Take the 2-minute tour ×
Stack Overflow is a question and answer site for professional and enthusiast programmers. It's 100% free, no registration required.

I have four functions:

template<class Exception,class Argument>
 void allocate_help(const Argument& arg,Int2Type<true>)const;

 template<class Exception,class Argument>
 std::nullptr_t allocate_help(const Argument& arg,Int2Type<false>)const;

 template<class Exception>
 void allocate_help(const Exception& ex,Int2Type<true>)const;

 template<class Exception>
 std::nullptr_t allocate_help(const Exception& ex,Int2Type<false>)const;

but when I call:

allocate_help<std::bad_alloc>(e,Int2Type<true>()); //here e is of a std::bad_alloc type 

I'm getting an error:
Error 3 error C2668: ambiguous call to overloaded function Why?

share|improve this question

2 Answers 2

up vote 2 down vote accepted

Because your call matches both:

template<class Exception,class Argument>
 void allocate_help(const Argument& arg,Int2Type<true>)const;

with Exception = std::bad_alloc and Argument = std::bad_alloc (Argument is automatically deduced), and:

template<class Exception>
 void allocate_help(const Exception& ex,Int2Type<true>)const;

with Exception = std::bad_alloc. Hence the ambiguity of the call.

Also I think that your compiler should output all the matching function after the error line, so you could answer your question yourself.

share|improve this answer

Because they are ambigious.

template<class Exception,class Argument>
std::nullptr_t allocate_help(const Argument& arg,Int2Type<true>)const;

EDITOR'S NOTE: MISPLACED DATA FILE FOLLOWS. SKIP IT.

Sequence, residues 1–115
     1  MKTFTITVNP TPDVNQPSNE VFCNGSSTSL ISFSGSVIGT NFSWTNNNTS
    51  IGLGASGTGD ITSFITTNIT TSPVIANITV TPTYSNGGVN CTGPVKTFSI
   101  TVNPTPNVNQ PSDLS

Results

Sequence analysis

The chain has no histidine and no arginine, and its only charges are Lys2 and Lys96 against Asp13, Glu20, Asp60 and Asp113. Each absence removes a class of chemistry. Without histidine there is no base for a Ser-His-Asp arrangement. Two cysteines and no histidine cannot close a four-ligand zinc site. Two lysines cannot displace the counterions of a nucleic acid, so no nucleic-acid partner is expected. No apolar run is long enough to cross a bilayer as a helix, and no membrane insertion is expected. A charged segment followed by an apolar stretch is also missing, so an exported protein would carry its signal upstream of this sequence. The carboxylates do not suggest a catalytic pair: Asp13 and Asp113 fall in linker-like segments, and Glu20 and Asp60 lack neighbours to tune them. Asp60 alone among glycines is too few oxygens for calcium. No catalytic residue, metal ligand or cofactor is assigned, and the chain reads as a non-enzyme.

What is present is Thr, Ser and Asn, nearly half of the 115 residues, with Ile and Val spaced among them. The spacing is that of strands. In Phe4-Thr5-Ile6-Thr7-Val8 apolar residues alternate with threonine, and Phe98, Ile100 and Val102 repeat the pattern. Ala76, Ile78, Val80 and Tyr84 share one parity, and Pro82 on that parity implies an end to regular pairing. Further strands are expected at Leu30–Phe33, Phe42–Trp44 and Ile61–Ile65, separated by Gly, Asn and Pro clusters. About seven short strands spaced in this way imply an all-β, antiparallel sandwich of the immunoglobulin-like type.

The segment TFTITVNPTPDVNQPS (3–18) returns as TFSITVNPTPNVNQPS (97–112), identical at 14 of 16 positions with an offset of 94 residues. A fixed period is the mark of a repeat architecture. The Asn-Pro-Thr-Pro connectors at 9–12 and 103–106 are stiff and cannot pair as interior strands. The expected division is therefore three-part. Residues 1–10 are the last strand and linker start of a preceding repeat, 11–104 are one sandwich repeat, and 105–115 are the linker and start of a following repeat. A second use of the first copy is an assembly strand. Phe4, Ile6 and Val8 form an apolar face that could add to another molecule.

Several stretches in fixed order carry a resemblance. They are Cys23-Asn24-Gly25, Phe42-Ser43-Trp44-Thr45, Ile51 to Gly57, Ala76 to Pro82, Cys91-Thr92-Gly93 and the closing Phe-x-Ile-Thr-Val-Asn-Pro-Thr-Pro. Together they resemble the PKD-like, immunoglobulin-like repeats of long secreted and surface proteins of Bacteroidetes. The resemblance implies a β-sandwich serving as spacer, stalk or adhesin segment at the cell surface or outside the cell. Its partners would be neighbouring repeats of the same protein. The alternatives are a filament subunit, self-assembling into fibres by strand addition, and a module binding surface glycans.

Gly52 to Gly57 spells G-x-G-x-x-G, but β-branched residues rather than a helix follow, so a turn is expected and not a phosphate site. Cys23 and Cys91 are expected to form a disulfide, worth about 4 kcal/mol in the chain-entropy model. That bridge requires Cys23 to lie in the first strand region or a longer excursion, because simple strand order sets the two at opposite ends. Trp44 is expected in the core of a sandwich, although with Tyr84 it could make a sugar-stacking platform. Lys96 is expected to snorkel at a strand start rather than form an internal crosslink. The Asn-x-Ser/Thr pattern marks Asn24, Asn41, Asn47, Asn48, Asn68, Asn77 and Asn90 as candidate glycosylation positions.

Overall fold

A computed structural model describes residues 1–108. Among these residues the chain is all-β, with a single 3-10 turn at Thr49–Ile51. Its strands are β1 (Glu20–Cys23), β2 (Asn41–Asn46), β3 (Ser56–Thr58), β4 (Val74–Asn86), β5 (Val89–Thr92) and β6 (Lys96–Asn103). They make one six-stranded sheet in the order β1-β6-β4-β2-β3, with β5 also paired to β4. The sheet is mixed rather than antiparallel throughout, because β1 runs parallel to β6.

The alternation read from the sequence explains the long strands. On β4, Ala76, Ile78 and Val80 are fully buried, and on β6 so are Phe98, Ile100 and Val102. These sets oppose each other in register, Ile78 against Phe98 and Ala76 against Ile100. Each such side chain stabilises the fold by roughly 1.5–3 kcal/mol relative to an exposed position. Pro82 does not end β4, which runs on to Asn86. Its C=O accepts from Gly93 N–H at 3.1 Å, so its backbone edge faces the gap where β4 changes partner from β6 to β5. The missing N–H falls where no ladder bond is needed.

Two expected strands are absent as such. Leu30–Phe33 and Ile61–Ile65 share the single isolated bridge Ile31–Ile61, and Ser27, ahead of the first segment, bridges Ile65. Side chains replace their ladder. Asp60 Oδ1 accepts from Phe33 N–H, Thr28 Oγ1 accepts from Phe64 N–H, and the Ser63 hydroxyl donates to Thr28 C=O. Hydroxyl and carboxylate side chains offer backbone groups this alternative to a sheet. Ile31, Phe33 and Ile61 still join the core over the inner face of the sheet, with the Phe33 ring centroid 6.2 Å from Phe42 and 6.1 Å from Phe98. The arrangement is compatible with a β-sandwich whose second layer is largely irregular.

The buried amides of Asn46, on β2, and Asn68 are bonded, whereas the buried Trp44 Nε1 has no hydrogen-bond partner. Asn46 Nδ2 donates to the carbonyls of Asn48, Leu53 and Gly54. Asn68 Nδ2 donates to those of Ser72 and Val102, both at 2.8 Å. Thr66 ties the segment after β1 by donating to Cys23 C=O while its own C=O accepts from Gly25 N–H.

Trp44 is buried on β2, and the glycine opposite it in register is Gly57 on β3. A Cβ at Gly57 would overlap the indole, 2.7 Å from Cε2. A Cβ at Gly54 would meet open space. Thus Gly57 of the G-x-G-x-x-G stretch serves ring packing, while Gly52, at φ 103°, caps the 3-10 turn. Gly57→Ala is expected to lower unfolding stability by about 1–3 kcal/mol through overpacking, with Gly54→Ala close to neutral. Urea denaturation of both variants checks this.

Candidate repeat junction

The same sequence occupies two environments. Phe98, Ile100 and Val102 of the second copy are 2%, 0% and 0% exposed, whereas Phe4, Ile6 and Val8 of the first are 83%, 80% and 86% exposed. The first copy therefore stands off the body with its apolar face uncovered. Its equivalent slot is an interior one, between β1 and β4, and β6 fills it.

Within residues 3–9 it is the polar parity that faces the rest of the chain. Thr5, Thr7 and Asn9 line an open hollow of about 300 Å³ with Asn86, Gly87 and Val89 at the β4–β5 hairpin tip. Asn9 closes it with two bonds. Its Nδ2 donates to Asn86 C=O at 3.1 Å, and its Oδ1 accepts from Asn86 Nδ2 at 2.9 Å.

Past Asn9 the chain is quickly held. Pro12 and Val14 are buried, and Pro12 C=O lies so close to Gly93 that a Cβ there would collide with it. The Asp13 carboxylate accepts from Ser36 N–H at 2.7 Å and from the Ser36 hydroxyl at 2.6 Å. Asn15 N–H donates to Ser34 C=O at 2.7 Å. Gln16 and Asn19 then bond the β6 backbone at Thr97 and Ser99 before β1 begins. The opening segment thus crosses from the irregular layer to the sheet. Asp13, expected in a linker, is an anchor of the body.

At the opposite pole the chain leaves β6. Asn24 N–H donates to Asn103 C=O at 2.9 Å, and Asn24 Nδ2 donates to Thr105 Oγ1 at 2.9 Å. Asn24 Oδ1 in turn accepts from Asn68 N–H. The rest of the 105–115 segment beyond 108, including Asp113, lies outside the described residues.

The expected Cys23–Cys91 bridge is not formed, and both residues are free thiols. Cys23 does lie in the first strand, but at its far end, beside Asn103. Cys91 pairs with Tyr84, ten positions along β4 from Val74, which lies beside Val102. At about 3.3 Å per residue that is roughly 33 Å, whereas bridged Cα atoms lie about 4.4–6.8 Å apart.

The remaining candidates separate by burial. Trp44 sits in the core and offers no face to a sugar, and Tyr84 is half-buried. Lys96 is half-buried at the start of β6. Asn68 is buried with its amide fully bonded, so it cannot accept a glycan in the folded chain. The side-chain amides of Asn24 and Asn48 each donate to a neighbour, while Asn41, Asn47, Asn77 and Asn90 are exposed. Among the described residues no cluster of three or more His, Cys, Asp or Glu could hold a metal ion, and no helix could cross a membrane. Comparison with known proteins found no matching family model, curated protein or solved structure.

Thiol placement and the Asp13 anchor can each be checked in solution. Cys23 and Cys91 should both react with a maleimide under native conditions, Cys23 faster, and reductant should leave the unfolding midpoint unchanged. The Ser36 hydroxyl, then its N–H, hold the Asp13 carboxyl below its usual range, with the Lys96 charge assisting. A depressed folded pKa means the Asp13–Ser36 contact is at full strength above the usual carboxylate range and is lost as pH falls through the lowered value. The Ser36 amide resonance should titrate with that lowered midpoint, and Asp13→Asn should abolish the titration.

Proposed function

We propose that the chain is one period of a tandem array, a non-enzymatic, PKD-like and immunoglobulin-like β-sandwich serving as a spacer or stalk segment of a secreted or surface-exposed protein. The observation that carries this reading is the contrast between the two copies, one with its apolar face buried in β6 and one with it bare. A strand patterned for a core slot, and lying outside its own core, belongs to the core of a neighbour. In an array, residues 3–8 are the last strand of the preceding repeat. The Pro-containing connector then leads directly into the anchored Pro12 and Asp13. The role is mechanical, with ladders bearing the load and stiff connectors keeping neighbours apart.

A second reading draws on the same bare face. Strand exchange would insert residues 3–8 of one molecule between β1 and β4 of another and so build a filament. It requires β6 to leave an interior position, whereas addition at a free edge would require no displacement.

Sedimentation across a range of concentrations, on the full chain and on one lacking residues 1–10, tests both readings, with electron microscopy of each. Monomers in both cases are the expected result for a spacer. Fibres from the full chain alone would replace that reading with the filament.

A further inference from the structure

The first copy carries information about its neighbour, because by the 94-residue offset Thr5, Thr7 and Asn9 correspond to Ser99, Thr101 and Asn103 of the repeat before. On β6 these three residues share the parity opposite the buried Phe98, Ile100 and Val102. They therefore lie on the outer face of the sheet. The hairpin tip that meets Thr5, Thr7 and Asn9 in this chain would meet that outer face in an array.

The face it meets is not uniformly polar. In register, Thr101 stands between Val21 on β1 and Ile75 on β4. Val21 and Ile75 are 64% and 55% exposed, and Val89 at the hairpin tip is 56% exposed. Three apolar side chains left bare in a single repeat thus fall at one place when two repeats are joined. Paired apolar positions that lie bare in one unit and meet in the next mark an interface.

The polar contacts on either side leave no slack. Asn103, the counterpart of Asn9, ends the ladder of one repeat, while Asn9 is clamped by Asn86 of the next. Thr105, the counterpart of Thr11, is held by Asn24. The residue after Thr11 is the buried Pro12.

template<class Exception>
std::nullptr_t allocate_help(const Exception& ex,Int2Type<true>)const;

The signature of the second function is a subset of the first one, which means that in the context of your function call they are the same of taking "any type" as first argument and Int2Type as second argument.

allocate_help<std::bad_alloc>(e,Int2Type<true>());

Can become either:

std::nullptr_t allocate_help<std::bad_alloc, std::bad_alloc>(const std::bad_alloc& arg,Int2Type<true>)const;

or

 std::nullptr_t allocate_help<std::bad_alloc>(const std::bad_alloc& ex,Int2Type<true>)const;

How would the compiler choose?

share|improve this answer
1  
+1, but they don't have the exact same signature, the second version is a subset of the first, where types Exception and Argument are the same. Any call for which the template argument Exception and the type of the first argument to the function call will not be ambiguous. –  David Rodríguez - dribeas Dec 1 '10 at 17:08
    
You are right, I'll edit my answer. –  ronag Dec 1 '10 at 17:09
    
How Int2Type<true> matches Int2Type<false>? –  ybungalobill Dec 1 '10 at 17:13
1  
It doesnt. They are totally different types, unrelated. @ronag's answer is incorrect as posted. –  John Dibling Dec 1 '10 at 17:16
    
@John: That's exactly what I've hinted! –  ybungalobill Dec 1 '10 at 17:25

Your Answer

 
discard

By posting your answer, you agree to the privacy policy and terms of service.

Not the answer you're looking for? Browse other questions tagged or ask your own question.